Cover image for Ancient Egypt : the great discoveries : a year-by-year chronicle
Ancient Egypt : the great discoveries : a year-by-year chronicle
Reeves, Nicholas, 1956-
Personal Author:
Publication Information:
New York : Thames & Hudson, 2000.
Physical Description:
255 pages : illustrations (some color) ; 29 cm
Geographic Term:
Format :


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Material Type
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DT60 .R397 2000 Adult Non-Fiction Open Shelf
DT60 .R397 2000 Adult Non-Fiction Non-Fiction Area-Oversize
DT60 .R397 2000 Adult Non-Fiction Open Shelf
DT60 .R397 2000 Adult Non-Fiction Open Shelf

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This is the story of Ancient Egypt as it was revealed to the world - a succession of discoveries and treasures. The book provides a trip through the golden ages of archeaology in Egypt, from the discovery of the Rosetta Stone in 1799 to the Golden Mummies in 1999. The discoveries are presented through archival images and extracts from notebooks, diaries and published accounts of excavators. Some finds are world famous, such as Nefertari's tomb and King Khufu's royal boats, others are less well known and they include the Ferlini treasure with its cache of gold and the jewels of Egyptian princesses unearthed at Dahshur.

Author Notes

Nicholas Reeves is Honorary Fellow of the Oriental Museum, University of Durham, and Honorary Research Fellow at the Institute of Archaeology, University College London.

Reviews 2

Library Journal Review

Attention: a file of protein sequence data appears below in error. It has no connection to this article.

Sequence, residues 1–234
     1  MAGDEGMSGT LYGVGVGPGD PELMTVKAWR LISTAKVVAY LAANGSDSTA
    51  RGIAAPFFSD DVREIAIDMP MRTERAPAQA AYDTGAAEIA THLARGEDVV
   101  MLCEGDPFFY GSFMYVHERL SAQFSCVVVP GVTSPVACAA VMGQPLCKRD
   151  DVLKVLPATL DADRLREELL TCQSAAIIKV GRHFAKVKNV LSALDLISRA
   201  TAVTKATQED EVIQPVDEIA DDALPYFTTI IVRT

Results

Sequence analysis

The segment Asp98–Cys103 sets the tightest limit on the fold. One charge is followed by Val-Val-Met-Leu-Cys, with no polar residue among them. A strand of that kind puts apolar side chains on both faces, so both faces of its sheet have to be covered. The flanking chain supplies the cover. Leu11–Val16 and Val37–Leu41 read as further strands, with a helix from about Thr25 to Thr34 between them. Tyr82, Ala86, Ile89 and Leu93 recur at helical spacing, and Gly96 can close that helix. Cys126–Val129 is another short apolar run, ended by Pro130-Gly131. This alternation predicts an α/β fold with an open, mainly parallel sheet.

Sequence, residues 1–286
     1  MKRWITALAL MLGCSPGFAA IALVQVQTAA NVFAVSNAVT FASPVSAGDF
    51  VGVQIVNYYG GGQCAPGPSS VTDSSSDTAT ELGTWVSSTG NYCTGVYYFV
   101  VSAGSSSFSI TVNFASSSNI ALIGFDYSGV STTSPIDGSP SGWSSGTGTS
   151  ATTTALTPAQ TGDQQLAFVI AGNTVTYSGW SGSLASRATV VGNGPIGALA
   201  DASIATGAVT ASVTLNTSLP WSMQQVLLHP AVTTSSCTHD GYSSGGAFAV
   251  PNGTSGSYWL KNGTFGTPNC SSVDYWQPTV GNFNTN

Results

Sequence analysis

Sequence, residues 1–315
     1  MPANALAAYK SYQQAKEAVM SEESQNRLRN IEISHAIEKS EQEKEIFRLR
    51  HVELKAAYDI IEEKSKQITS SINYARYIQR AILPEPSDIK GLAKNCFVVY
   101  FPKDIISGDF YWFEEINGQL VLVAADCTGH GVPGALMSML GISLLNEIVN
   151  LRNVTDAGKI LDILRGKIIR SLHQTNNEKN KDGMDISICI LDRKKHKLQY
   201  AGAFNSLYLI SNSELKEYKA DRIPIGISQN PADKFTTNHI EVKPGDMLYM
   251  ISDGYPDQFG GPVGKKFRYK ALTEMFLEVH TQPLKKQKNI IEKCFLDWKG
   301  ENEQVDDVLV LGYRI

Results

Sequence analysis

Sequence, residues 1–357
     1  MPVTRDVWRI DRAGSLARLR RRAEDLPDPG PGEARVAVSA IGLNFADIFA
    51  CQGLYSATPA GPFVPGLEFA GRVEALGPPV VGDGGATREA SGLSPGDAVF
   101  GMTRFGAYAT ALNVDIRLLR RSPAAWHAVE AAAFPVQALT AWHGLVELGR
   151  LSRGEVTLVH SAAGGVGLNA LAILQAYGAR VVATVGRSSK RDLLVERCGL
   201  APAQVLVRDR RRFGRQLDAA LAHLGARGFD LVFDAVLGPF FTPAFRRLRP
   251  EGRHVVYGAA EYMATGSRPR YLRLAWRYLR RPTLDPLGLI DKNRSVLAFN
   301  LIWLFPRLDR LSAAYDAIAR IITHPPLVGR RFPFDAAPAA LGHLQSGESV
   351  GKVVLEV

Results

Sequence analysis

Most of what we know about ancient Egypt was learned from artifacts blasted out, dug up, meticulously researched, or otherwise retrieved from shadowed obscurity. That information has been presented in a variety of ways over the decades, usually focusing on a particular site, individual, or theme. Reeves (The Complete Tutankhamun, The Complete Valley of the Kings) reverses the approach, presenting a chronological look at the discoveries. Each chapter considers a different event. Some, like the discovery of the Rosetta Stone and of Tutankhamun's tomb, are spectacular. Others, from the Harris Papyri to Kufu's solar boats found buried beside the great pyramid, are less well remembered but still important for the critical information that they reveal. The stories behind the discoveries are as fascinating as the objects uncovered. In the end, Reeves presents a wonderful panorama of the history of Egyptology. Not since Barbara Mertz's Temples, Tombs and Hieroglyphs (1964. o.p.) has the history of Egyptology been so well reported. Unlike Mertz's highly entertaining but informal discussion, Reeves's sets out information on both Egyptologists and their discoveries in a very clear, understandable, and well-illustrated way. Not just a reference bookDalthough its extensive time lines, charts, bibliography, and notes will be very useful for quick reference or as a touchstone for researchDthis is also a delightful book to browse, sample, and return to. Highly recommended.DMary Morgan Smith, Northland P.L., Pittsburgh, PA (c) Copyright 2010. Library Journals LLC, a wholly owned subsidiary of Media Source, Inc. No redistribution permitted.